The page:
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Free Employer Toolkit

The toolkit offers a variety of informative tools. Learn about the skills people with disabilities bring to the workplace and use our ‘how-to’ resources, that provide practical tips and strategies on successful recruitment, hiring, inclusion and retention of people with disabilities.

COVID-19 Tools

COVID-19 has significantly impacted Canadian businesses, forcing many employers to adapt. The value of diversity and inclusion has never been as important as it is today. Employers seeking to recover from the pandemic will be looking to their teams for resilience and adaptability. Once the world shifts back to normal, businesses that foster an inclusive workplace and hire with diversity in mind stand to benefit the most!

Visit our new COVID-19 tools for further information on how hiring people with disabilities will translate into overall business success after the pandemic.

COVID-19 Tools

The COVID-19 public health crisis has had a significant negative impact on psychological health and safety in the workplace and has presented an ongoing and varying degree of ‘threat’ to all of us. Some diversity groups are more vulnerable to this threat, as well as to the associated stresses and psychological effects. Fortunately, there are extensive resources and information that employers can use not only to support employee wellbeing and productivity during these challenging times, but also to build a strong, resilient, engaged workforce to assist with your business’s post-pandemic recovery.


What is Psychological Health and Safety and Why Does it Matter?

Workplace psychological health and safety refers to the strategies and practices used at work to promote employee wellbeing and prevent harm. These strategies and practices prevent and address issues such as harassment, bullying, high levels of stress and employee disengagement. The factors that foster psychological health and safety also help to create an inclusive workplace culture in which employee engagement, productivity and retention are high. All of these factors play a key role in business adaptability, resilience and pandemic recovery.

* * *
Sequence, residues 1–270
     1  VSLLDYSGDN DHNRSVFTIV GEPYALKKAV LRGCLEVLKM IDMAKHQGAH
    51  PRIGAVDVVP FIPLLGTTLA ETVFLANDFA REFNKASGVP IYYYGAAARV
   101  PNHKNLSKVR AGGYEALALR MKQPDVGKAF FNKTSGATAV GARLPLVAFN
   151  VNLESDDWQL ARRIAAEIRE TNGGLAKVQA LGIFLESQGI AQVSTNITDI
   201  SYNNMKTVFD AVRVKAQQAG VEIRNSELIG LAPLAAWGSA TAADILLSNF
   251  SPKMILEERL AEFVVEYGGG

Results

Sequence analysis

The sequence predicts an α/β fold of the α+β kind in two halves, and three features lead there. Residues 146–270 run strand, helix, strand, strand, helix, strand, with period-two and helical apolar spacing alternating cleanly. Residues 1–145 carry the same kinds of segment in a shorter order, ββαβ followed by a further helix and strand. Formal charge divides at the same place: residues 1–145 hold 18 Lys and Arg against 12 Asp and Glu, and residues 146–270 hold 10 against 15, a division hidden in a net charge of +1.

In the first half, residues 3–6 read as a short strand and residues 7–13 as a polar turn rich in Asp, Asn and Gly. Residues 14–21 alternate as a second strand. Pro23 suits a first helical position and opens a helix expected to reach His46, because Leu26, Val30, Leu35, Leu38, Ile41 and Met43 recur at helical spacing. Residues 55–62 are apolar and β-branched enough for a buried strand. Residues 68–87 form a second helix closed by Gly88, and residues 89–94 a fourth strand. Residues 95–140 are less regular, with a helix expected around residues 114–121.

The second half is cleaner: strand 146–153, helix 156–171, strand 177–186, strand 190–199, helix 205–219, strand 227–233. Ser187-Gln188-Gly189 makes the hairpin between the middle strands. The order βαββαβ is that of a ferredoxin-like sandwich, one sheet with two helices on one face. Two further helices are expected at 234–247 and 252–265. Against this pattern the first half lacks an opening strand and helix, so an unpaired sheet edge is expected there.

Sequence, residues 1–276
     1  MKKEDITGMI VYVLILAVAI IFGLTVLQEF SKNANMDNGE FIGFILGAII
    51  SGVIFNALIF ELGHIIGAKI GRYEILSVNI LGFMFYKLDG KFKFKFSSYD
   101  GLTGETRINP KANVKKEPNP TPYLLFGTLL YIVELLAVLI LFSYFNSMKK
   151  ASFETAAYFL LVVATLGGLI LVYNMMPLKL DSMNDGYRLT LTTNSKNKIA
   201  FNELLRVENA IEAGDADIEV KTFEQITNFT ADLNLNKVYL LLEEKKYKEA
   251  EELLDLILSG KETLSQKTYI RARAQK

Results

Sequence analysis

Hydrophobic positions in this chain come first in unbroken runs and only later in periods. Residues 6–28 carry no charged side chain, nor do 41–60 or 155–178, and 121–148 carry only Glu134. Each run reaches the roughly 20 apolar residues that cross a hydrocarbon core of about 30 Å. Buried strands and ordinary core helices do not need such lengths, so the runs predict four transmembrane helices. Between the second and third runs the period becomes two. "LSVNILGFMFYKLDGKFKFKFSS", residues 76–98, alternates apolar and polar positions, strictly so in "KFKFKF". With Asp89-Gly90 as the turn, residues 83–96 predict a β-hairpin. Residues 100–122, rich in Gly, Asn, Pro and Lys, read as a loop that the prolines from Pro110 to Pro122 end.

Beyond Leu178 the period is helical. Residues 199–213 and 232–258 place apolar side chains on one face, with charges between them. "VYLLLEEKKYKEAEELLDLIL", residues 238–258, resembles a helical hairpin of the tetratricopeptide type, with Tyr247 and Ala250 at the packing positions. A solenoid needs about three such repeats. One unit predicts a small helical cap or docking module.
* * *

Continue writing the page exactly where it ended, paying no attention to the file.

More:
Issues associated with lower levels of workplace psychological health and safety include:

  • Absenteeism
  • Presenteeism (present but disengaged)
  • Lower productivity and performance
  • Issues of bullying/harassment
  • Poor mental health and stress leaves
  • Employee turnover
  • Bad reviews for you as an employer/talent attraction issues
  • Employment/human rights lawsuits

It is estimated that workplace psychological health and safety issues cost the Canadian economy over $20 billion annually in lost productivity. Taking steps to support employee wellbeing and mitigate increases in these costs during the pandemic is designed to boost business productivity and resilience.

It is critical for employers to recognize the importance of psychological health and safety in the workplace. COVID-19 has highlighted the need to manage workplace stress and mental health. The strategies and practices recommended here will help develop your leadership skills while building a more resilient, engaged, productive workforce.


COVID-19 – Psychological Threat Management

This resource will focus on strategies, practices and behaviours in which employers can engage immediately to promote and support psychological health and safety in the workplace. The full response required by companies to effectively address workplace psychological health and safety requires a commitment and investment of time and resources through a process identified by the Mental Health Commission of Canada as the ‘P-6 Framework’, which includes policy, planning, promotion, prevention, process and persistence.